Motorists are clearly becoming more environmentally friendly ‒ before the pandemic hit, figures from the Society of Motor Manufacturers and Traders had shown that interest in hybrid and electric cars was on the rise.
Going green isn’t necessarily easy on the budgets though, which is why it’s so important to find a motor you can rely on.
So which are the most reliable hybrid and electric cars?
Here are the top 10, according to the latest survey data from WhatCar?.
Cars were graded based on feedback from owners on how many faults they had developed over the last year, how long those problems kept the motors off the road, and the eventual cost of putting things right.
10 ‒ BMW i3
The BMW i3 takes tenth place with a score of 95.2%.
While almost a quarter of i3s aged between one and five suffered some sort of problem over the year, most of the time putting it right was covered under warranty, while they could all still be driven.
In some cases, it took more than a week to fix the issue though, with the bodywork the most common problem area, followed by non-engine electrics.
9 ‒ Kia Niro
Around 16% of Niro models developed a problem in the past 12 months, most commonly with the engine on the hybrid models, followed by the bodywork and sat-nav.
Half of the cars took upwards of a week to put right, and while most were fixed for free, a small number of drivers had to shell out between £501 and £750 on repairs.
Overall the Niro got a score of 95.7%.
8 ‒ Lexus IS
Less than one in six (14%) of IS drivers experienced an issue last year, while even when problems did emerge they were all fixed in less than a day, with all of the work carried out under warranty.
As a result, it notched up a score of 98.3%.
7 ‒ Toyota Prius
If you have a Prius, chances are you won’t suffer any issues ‒ just 9% of drivers experienced one last year, with the only affected areas the bodywork and non-engine electrics.
All of the work was done for free too, though in some cases it took over a week to fix the issue.
It scored 98.4%.
6 ‒ Tesla Model S
The Tesla goes even better, with a score of an incredible 98.9%.
Only 16% of drivers had any issues, and they were all put right for free. What’s more, the issues were not the most serious either, split evenly between the bodywork and non-engine electronics.
5 ‒ Toyota Auris
A second spot in the top ten for a Toyota model this time the Auris ‒ just 6% of Auris drivers suffered an issue, a stunning result.
All of the cars could still be driven and were put right the same day under warranty, leading to a score of 99.3%.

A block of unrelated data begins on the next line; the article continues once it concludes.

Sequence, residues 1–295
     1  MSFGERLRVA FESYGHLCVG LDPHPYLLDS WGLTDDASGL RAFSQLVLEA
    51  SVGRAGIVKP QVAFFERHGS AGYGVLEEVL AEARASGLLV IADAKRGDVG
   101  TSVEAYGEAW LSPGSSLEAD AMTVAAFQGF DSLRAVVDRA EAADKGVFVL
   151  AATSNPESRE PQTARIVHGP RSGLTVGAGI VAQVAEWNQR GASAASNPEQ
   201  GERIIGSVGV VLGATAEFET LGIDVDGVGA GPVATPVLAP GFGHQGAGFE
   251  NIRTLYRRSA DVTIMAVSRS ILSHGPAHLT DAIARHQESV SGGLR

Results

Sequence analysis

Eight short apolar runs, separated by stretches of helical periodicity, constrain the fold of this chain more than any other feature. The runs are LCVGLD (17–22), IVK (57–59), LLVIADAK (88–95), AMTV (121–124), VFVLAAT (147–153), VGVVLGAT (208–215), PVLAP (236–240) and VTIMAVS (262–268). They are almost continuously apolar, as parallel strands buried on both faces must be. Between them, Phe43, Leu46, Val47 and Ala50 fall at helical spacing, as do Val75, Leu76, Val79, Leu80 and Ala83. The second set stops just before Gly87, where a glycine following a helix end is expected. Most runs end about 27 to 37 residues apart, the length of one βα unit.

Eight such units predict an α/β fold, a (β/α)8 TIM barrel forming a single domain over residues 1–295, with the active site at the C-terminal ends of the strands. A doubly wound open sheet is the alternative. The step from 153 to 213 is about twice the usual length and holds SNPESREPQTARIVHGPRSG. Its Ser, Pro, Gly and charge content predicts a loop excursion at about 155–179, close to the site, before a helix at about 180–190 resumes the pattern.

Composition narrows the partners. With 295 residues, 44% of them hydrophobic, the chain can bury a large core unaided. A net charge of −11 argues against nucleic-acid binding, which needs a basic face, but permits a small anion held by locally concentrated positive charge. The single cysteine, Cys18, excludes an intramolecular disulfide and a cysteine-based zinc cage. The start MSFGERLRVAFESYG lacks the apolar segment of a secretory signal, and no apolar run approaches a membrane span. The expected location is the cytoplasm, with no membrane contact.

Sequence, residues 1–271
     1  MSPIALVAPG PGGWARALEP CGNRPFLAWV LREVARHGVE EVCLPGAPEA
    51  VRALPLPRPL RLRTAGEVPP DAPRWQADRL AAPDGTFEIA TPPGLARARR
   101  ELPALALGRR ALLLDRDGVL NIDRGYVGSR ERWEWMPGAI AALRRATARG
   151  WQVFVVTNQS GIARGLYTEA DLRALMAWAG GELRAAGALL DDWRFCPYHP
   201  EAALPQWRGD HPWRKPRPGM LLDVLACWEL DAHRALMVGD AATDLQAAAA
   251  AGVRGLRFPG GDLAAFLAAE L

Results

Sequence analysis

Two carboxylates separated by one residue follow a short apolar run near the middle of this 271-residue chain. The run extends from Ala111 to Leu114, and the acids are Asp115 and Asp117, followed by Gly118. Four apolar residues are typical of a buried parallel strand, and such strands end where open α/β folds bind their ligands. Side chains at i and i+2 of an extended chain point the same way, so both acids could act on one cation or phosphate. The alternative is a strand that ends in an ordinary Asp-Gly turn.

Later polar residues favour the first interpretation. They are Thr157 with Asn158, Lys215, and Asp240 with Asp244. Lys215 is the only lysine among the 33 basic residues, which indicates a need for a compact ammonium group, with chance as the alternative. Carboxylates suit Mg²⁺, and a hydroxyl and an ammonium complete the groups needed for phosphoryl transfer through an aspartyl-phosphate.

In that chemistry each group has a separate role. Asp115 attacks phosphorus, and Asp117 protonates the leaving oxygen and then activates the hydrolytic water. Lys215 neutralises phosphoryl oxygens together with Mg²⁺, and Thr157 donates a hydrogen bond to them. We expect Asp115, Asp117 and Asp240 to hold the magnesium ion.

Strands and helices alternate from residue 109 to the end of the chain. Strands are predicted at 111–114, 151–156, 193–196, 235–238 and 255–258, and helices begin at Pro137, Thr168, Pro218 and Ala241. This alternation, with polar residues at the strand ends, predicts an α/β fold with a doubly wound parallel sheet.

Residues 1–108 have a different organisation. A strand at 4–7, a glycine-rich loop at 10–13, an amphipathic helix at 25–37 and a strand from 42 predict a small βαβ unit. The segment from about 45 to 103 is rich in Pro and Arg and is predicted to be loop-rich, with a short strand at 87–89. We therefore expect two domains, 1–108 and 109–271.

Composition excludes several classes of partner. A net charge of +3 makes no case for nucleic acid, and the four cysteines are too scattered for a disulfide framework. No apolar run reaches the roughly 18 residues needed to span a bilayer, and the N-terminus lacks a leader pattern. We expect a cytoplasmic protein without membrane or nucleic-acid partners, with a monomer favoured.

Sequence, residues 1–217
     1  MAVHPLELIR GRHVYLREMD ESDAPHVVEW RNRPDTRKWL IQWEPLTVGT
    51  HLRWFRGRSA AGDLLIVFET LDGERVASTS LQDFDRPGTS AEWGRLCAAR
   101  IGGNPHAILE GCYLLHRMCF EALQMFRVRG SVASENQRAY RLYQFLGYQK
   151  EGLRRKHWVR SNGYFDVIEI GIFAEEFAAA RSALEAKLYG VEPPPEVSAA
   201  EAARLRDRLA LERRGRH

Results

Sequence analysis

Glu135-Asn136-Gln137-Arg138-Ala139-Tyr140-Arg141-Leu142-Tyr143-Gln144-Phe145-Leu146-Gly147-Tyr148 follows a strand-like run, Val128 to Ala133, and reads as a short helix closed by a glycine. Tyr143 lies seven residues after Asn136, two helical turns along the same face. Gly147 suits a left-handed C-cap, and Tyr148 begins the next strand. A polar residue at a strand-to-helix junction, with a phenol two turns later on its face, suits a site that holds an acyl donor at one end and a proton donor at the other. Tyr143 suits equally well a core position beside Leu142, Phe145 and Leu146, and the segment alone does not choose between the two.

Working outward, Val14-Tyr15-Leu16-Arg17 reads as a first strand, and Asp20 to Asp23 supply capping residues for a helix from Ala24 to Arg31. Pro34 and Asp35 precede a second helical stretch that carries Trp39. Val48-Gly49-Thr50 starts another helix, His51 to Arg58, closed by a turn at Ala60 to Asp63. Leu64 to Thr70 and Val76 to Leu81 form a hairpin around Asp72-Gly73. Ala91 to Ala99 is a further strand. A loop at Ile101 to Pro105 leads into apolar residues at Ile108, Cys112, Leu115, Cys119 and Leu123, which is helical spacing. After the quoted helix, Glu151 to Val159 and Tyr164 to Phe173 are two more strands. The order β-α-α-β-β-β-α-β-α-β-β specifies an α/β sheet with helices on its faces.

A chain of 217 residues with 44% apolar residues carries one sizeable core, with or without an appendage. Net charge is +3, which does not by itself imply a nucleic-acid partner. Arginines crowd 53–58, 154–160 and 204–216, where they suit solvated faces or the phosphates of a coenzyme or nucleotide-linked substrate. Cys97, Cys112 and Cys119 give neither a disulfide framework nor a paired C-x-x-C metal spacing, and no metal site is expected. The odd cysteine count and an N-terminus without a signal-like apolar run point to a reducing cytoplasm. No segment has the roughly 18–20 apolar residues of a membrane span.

4 ‒ Lexus RX
Only one in 20 (5%) RX drivers had an issue last year, and in each case, it was with the brakes. All cars were fixed in less than a day, with no repair bills to boot.
It scored 99.4%.
3 ‒ Lexus NX
Its stablemate the NX went one better, scoring 99.7%.
Only 3% of cars suffered an issue, and each time it was with the non-engine electrics. Again all were fixed under warranty the same day.
=1 ‒ Lexus CT
Spotted a pattern yet? The CT shares top spot, with a reliability score of a flawless 100%.
Not one owner experienced an issue last year.
=1 ‒ Toyota Yaris Hybrid
The Yaris Hybrid also enjoyed a flawless year, with no reported issues, leading to a maximum score.
The least reliable hybrid and electric cars
WhatCar? picked out three motors within this category that classify as the least reliable. Nonetheless, it’s worth noting that, despite their relatively poor performance compared to other hybrid and electric cars, their overall scores are pretty impressive.
For example, in third spot in the least reliable stakes is the Mitsubishi Outlander, with an overall score of 93.6%.
Less than one in six (13%) of drivers had an issue, most commonly with the interior trim. While half of the repair work was covered under warranty, some drivers had to stump up £1,000 on repairs.
Second spot goes to the Volkswagen Golf, with a score of 89.1%.
Around a third of Golf drivers had an issue, with the gearbox and clutch the most common culprit. Though all were fixed for free, in three quarters of cases they were off the road for over a week.
And finally, there’s the Renault Zoe (2013-19), with a score of just 82.3%. This old generation of Zoes had plenty of electrical gremlins according to WhatCar?, while issues were also prevalent in the battery, brakes and suspension.
While all of the faults were fixed under warranty, again three quarters of the cars were out of action for upwards of seven days.